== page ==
6. CMH

    CMH TechSpot Chancellor Posts: 2,039   +9

    Thats the mem clock frequency. Voltages is a different thing, and thats done in BIOS. I wouldn't recommend messing with that unless you know exactly what you're doing. Damage done when playing with the voltage is permanent, and may cause more than just the GC/CPU to malfunction.

    More on the mem clock frequency, changing that with the VCore produces some very nice results. Mess around there instead.
  7. D@nny

    D@nny TS Rookie Topic Starter Posts: 176

    Hey, im still totally confused about the core clock thing.
  8. CMH

    CMH TechSpot Chancellor Posts: 2,039   +9

    I'm not very good at explaining it.

    Think of baking cookies. In one kitchen, you can bake a batch of cookies in 5 mins, and in another, you can bake it in 10 mins. The first one you can bake 5 cookies in a batch, while the second one will only allow you to bake 20 cookies in a batch (oven not big enough?)

    So the total cookies you can bake is more in the second kitchen, even though it takes longer to bake them.

    In about the same way, the core clock works. An intel 3ghz goes through 3,000,000,000 cycles a second, while a comparable athlon does much less cycles a second, but when compared side by side, the athlon may do as much work as an Intel.

    Remember that a higher clock MAY be beneficial in certain applications. Back to the kitchen scenario, if you only needed to produce 5 cookies...

    Hope that helps. Maybe someone can correct me if I'm wrong.
  9. D@nny

    D@nny TS Rookie Topic Starter Posts: 176

    So how does overclocking the core clock mhz make it better? Lol? More cookies in more time? But your just moving the core not the memory. If moving the bar up is good then why not get a card where that bar is already really high up ? {exmp. core clock 1000 mhZ}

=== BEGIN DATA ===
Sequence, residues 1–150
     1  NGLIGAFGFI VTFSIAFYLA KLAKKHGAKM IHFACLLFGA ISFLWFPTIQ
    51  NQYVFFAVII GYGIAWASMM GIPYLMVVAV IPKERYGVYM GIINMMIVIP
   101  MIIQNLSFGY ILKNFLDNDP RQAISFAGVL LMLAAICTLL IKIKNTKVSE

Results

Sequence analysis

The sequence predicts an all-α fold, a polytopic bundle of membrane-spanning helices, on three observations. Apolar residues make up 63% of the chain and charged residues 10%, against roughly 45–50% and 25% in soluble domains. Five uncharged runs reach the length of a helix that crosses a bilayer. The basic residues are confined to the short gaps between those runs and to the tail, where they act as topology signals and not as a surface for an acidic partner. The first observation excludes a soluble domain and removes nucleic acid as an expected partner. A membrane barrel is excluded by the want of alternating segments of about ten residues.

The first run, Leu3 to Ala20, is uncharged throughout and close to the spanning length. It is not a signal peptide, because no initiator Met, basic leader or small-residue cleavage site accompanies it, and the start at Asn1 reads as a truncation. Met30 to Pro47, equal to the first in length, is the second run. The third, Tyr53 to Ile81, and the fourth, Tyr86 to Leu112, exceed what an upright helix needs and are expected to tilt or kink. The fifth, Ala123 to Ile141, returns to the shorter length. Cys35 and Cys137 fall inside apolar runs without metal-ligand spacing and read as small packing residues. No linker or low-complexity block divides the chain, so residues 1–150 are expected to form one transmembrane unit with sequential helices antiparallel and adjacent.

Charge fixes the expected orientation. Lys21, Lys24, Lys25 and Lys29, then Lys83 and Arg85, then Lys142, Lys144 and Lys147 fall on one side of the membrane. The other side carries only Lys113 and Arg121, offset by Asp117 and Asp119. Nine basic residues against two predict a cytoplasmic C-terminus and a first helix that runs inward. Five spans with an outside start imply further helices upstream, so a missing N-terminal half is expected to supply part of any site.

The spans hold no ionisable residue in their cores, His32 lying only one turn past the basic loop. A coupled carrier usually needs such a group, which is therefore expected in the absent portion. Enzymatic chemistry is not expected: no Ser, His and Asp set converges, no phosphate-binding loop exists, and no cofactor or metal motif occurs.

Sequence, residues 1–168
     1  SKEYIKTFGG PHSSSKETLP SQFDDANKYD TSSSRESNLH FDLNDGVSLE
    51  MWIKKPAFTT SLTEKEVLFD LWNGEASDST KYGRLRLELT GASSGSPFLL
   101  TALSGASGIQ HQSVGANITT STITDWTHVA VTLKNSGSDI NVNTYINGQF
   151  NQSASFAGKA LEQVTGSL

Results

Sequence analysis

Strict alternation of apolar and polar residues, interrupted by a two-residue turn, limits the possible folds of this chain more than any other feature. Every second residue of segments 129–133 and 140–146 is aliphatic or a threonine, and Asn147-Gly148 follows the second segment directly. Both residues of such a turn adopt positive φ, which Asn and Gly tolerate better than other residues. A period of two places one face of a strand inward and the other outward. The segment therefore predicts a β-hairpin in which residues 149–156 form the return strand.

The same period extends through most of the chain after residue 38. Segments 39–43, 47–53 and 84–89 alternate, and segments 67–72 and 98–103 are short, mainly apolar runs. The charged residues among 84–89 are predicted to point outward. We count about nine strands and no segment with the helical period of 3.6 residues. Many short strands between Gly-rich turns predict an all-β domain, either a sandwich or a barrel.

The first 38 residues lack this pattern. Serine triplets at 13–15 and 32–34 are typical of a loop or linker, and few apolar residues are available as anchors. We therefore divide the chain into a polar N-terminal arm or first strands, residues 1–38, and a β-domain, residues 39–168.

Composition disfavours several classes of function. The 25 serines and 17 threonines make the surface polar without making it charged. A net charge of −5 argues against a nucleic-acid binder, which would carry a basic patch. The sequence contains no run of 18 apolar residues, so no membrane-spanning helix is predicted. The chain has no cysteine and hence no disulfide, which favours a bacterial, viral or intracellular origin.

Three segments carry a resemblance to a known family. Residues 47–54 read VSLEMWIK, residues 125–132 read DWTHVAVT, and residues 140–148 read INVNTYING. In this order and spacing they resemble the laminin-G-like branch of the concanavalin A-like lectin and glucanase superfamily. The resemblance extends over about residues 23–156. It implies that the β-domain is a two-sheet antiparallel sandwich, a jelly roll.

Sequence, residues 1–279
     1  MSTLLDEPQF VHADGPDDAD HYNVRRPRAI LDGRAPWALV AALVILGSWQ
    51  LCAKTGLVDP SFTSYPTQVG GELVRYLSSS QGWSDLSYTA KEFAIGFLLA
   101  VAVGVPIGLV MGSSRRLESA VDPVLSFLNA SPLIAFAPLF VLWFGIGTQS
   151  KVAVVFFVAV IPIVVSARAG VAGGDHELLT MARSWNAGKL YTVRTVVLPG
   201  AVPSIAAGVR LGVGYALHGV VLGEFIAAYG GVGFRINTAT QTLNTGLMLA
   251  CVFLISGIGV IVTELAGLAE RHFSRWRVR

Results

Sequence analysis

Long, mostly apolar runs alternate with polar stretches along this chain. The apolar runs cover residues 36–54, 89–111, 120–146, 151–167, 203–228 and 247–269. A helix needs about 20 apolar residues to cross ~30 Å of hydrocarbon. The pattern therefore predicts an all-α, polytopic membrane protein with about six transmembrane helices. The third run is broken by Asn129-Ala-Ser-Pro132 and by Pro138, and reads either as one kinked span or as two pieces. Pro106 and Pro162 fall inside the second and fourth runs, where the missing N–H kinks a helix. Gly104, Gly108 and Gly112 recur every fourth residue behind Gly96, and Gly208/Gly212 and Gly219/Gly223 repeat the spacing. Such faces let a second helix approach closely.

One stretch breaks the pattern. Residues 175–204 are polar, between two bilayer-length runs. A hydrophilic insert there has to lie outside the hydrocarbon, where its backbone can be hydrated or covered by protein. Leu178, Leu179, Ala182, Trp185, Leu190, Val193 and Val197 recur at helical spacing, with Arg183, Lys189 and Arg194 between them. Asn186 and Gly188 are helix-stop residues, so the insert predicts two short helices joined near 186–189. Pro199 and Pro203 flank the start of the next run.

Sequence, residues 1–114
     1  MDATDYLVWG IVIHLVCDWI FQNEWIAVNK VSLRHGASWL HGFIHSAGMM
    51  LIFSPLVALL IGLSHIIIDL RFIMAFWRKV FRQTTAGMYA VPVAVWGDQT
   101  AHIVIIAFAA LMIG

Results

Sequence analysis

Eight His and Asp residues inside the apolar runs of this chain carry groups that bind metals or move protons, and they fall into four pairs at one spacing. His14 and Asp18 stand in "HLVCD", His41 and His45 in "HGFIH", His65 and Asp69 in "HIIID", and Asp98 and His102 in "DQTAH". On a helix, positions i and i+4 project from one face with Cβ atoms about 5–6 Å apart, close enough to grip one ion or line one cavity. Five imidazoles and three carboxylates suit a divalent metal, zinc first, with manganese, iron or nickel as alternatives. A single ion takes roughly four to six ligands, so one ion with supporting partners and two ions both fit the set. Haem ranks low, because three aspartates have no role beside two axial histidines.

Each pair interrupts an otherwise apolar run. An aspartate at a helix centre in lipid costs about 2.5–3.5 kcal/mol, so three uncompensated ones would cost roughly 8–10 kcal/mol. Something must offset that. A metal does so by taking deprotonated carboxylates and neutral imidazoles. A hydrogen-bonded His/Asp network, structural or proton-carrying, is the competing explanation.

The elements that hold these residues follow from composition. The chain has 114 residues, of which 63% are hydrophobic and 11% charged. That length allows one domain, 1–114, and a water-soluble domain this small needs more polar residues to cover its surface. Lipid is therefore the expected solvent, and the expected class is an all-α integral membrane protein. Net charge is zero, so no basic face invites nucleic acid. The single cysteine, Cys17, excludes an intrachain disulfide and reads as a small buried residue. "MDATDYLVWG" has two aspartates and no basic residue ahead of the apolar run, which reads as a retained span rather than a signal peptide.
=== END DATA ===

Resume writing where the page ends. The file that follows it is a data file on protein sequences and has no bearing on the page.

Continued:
10. CrossFire851

    CrossFire851 TS Rookie Posts: 766

    Every mhz matters when you overclock a video card and you can see performance bost instantly.
  11. CMH

    CMH TechSpot Chancellor Posts: 2,039   +9

    I can see that you're still confused.

    Back to the analogy: The 2 different kitchens represent 2 different types of cards, such as the ATI9700 and the ATI X800. I can't be bothered digging the specs now, but lets just for argument's sake say that the 9700 runs at a higher frequency than the X800.

    Upping the core frequency on one of the cards, will reduce the amount of time taken to bake one batch of cookies. So there more or less always a performance increase when you overclock a card. However, you may be limited elsewhere, such as RAM (how fast your mixer can mix the cookie dough?)

    My last overclock, increasing the clock didn't make much of a difference past a certain point, cos I was bottlenecked by my CPU.

    Anyway, the scenario is that the 9700 has a higher clock than the X800. Again, go back to the analogy. The 9700 is like the 5 minute kitchen, and the X800 is the 10 minute kitchen. The 9700 might be able to make only 100 cookies each batch, but the X800 can make 1000. In an hour, the 9700 only produces 1200 cookies, but the X800 made 6000.

    Now, change cookies to instructions, and make the time for each batch to fractions of a second, and the amount each batch to a few hundred thousand. Now you should get the idea.